Working With Pegs And Animated Elements

This new feature can simplify the entire character rigging process by simply making a hierarchy of elements without additional pegs.

Pegs and Animated Elements

In Toon Boom Studio V3.5, we have implemented the new concept of animated elements, which allows you to easily animate elements without having to attach them to a Peg element. This new feature can simplify the entire character rigging process by simply making a hierarchy of elements without additional pegs.
Click to watch demo

Toon Boom Studio also allows you to instantly manipulate bitmap images using the new Select tool from the sceneplanning tools. Combining this new feature with the peg system will allow you to have more flexibility and simplify your Timeline’s element hierarchy. The example shown employs one of the ways both of these features can simplify your workflow.

This project uses one peg and one animated element. We worked with multiple peg properties to optimize the work. One of these properties is the control point. You can create a control point by using the Motion tool and holding [Shift] while clicking on the motion path of a peg (when you do this, the cursor will assume a diamond shape). A control point is represented by a green dot on the peg’s motion path.


Compared to a keyframe, a motion path is not locked to a specific frame and can be moved anywhere on the motion path. Be aware that control points are not displayed in the Timeline so you will need to select the peg with the Motion tool to see them. You can also access multiple functions in the Motion Point tab that appear in the Properties window when you select a keyframe or a control point. For more information on motion points, refer to the reference section in the online help.

*Note that when you have a keyframe or a control point selected in the Camera View, you can hold down the [Alt] key and drag the point to change its depth in your scene. You can also easily change the timing of existing movement by holding down the [Shift] key and dragging the last keyframe of your peg in the Timeline. This will stretch the duration of the entire peg, repositioning all of its keyframes to keep the same animation properties.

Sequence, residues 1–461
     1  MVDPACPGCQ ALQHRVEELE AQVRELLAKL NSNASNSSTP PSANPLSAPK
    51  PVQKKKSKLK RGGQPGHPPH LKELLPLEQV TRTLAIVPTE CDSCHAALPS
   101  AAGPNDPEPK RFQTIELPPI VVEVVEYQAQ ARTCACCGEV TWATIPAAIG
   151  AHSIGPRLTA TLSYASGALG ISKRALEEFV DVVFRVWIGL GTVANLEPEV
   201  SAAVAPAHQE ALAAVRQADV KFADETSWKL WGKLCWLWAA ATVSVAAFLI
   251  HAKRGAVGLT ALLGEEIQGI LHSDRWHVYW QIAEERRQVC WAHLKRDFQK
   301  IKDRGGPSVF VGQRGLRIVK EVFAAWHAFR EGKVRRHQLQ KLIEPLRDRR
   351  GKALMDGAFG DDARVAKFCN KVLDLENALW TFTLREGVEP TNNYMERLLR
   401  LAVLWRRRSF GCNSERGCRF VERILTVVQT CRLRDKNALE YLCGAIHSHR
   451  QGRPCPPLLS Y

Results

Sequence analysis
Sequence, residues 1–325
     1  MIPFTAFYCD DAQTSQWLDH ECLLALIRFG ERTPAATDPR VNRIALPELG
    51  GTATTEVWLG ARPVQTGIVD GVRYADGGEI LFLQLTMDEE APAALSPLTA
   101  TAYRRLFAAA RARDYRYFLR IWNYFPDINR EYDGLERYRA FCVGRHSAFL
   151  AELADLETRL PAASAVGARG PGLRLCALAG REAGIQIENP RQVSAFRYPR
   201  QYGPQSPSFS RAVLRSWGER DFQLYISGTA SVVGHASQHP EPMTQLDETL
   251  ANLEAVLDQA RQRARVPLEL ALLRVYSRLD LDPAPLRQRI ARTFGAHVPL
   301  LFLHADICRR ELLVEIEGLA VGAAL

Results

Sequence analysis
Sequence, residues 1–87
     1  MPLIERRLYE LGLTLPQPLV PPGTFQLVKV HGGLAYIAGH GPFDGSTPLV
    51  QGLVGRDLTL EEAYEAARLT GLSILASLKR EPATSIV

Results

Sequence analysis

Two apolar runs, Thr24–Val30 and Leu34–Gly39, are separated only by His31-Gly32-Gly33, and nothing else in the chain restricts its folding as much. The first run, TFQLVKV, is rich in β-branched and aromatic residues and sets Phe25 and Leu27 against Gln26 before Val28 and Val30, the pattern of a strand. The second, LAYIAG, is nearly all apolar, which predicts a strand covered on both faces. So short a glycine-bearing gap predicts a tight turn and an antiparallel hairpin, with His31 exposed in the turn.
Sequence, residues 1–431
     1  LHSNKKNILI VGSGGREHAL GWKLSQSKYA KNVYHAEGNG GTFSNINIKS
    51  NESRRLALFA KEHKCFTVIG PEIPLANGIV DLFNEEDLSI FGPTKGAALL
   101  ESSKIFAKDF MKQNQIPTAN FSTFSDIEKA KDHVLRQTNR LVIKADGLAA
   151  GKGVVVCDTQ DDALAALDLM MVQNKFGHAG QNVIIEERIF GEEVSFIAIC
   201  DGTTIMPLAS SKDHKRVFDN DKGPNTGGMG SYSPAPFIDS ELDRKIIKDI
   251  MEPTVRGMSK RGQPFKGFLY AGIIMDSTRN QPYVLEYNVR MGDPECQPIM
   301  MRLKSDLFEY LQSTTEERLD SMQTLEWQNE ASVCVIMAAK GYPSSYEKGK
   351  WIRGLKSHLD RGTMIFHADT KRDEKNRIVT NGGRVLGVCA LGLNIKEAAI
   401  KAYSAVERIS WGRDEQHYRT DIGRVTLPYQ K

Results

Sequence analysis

We also used the Rotate tool on both the bat element and the peg’s motion path. By doing this, we were able to set a different speed for the tilting of the bat and the camera tilt. This gives a more natural look to your camera movement. Rather than fit the movement of your element exactly, it traces the bat’s movement as if it was trying to keep up. We specifically chose the Rotate tool instead of the Transform tool so the rotation will not interfere with the motion; if we have to make some adjustments to the motion path, the keyframe that is created will have a fixed rotation but won’t be locked at that position.

There are tons of possibilities available using pegs and animated elements. Simply remember that the animated element is a good way to do some simple animation with a cleaner timeline, and the peg allows for more complex animation due to the addition of the motion path and the ability to group elements without necessarily having a drawing as a parent.

Downloads: Sample Material (ZIP)